Few things use it. Not surprised, mack, you do! :thup:
 

mackerel

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Mar 7, 2008
I won't hold my breath for 512 to take over anytime soon. If AMD adding 512 is anything like ray tracing on GPUs, nothing is moving forward fast. Another generation in HEDT+ wouldn't have hurt anyone. ;)

Few things use it. Not surprised, mack, you do! :thup:

That it is not in so widespread use is why it needs to be in more CPUs, so software devs have more incentive to code for it. I'm not a programmer by any means, but it seems to be a logical expansion of AVX2, so any code already using AVX may potentially see a significant performance uplift from using it.

My concern with AMD is they might do another bad implementation like AVX2 on Zen/Zen+. While they supported the instructions, the performance was not backed by hardware execution so was only about half that of an Intel core, putting its actual performance around Sandy Bridge era. They didn't address that hardware shortfall until Zen 2. I have a feeling that AMD's strategy is more focused on more cores than more features per core.
 

EarthDog

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I have a feeling that AMD's strategy is more focused on more cores than more features per core.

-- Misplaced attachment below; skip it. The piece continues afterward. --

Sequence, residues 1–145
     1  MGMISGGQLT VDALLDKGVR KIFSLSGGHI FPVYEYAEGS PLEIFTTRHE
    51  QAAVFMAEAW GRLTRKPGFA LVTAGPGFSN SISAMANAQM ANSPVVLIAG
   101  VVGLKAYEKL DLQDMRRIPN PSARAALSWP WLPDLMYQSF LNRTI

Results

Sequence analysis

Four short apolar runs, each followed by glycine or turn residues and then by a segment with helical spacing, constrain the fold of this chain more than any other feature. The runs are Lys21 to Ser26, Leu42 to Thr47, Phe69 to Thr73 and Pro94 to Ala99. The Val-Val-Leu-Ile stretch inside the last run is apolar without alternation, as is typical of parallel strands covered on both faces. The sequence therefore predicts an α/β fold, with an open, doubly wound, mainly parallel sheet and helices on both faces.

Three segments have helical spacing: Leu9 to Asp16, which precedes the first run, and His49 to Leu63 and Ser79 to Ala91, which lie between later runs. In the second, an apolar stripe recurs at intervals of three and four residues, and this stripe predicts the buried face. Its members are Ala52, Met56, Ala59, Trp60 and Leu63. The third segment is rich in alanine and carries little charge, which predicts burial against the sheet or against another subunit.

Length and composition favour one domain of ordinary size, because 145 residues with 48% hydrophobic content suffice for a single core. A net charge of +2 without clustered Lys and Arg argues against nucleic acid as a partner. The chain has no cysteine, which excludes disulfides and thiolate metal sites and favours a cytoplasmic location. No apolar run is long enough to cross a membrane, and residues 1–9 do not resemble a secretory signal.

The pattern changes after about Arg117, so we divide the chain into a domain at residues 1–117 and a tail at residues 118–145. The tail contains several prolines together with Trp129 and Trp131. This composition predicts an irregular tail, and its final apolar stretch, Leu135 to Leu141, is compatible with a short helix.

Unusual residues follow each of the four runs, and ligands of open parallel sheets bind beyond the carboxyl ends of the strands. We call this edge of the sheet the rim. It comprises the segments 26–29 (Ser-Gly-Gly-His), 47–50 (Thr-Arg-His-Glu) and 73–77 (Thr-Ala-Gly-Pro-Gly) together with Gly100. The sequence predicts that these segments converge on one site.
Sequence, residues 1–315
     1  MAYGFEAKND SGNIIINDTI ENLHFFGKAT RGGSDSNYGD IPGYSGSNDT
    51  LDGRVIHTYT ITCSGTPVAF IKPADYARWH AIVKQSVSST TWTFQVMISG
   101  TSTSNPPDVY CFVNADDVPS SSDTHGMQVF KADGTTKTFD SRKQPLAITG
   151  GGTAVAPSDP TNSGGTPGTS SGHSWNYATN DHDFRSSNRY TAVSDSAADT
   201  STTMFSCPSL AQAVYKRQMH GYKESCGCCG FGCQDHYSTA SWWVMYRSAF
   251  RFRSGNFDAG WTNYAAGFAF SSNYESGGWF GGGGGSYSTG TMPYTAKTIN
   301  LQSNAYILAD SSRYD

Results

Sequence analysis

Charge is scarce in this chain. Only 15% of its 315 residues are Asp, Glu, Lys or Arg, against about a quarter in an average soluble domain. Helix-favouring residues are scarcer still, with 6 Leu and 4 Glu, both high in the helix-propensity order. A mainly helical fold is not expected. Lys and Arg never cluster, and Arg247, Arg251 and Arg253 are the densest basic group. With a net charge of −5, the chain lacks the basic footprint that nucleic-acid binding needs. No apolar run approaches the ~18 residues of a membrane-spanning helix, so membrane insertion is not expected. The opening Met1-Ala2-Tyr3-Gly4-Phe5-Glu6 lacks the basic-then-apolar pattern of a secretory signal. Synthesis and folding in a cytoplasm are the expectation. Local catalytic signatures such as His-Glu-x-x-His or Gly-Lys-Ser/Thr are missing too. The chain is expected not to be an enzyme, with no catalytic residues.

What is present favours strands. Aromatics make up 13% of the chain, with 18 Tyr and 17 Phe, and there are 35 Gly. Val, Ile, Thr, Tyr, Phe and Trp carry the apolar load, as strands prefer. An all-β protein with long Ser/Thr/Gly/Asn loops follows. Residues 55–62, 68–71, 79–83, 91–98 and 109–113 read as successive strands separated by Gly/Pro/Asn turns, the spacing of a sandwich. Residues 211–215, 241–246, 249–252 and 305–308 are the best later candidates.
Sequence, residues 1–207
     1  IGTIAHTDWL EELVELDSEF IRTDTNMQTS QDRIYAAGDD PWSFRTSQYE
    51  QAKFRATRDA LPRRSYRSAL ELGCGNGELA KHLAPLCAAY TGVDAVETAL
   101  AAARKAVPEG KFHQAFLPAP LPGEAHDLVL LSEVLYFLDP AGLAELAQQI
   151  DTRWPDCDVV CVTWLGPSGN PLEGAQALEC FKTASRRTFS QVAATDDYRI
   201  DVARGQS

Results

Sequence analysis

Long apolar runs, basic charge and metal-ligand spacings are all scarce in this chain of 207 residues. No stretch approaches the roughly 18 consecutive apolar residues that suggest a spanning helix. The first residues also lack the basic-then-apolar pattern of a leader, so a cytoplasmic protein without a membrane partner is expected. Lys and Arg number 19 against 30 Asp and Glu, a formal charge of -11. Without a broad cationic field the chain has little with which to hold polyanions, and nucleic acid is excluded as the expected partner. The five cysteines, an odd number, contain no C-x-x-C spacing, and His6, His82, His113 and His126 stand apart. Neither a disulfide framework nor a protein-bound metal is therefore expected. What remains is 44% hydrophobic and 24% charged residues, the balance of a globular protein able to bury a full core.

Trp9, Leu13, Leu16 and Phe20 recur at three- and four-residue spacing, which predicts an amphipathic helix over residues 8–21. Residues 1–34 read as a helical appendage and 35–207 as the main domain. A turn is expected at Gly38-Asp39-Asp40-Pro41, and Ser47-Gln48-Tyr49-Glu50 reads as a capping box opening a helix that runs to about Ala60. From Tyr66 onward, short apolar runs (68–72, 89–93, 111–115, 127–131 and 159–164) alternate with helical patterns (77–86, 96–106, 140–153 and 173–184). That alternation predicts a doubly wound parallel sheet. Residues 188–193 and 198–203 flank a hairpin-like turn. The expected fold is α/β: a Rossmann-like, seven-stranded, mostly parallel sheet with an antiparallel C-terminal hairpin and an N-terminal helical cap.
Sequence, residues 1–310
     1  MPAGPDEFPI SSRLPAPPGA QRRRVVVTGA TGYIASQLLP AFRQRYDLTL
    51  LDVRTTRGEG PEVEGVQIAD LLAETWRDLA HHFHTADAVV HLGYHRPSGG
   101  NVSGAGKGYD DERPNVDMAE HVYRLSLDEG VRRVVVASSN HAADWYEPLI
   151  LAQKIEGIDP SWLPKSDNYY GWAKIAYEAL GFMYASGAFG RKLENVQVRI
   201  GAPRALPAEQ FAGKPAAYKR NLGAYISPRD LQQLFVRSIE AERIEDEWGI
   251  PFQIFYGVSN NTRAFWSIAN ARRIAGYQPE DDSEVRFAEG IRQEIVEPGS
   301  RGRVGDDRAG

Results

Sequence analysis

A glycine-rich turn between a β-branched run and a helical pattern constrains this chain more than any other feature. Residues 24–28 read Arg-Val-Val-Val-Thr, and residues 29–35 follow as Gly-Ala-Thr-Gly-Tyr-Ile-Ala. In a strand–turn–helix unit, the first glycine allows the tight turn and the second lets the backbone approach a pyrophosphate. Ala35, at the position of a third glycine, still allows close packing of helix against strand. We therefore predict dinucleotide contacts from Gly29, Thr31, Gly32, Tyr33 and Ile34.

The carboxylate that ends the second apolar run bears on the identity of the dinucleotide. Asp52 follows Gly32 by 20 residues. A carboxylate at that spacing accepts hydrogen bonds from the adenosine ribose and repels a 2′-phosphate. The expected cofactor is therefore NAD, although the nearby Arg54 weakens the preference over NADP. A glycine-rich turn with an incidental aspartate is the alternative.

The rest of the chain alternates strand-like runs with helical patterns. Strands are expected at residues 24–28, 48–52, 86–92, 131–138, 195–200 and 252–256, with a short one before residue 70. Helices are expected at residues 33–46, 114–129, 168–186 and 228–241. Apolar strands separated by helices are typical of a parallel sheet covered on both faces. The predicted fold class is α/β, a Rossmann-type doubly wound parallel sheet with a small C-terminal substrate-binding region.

..something I'm not personally a fan of. The core wars for the mainstream is, to me, a pissing contest. One that doesn't have much of an impact to most users. If we consider that in late 2020 consoles came out with 8c/16t parts, I'd imagine in a few years THAT will be the baseline. But......AMD has 16/32t chips out on the mainstream platform. I honestly feel that is taking advantage of consumers who don't know that for MOST PC uses, 8c/16t is plenty today and will be for the next few years. If software devs have trouble coding for more cores that have been here for almost a decade, why would this move things forward (consoles don't have it, AMD doesn't have it so far)?

That said, I have no idea why Intel when backwards and now 'only' offers 8c/16t as a flagship on mainstream. I like the better separation of church and state (read HEDT and mainstream), but that move was curious considering they had a 10c/20t SKU out already.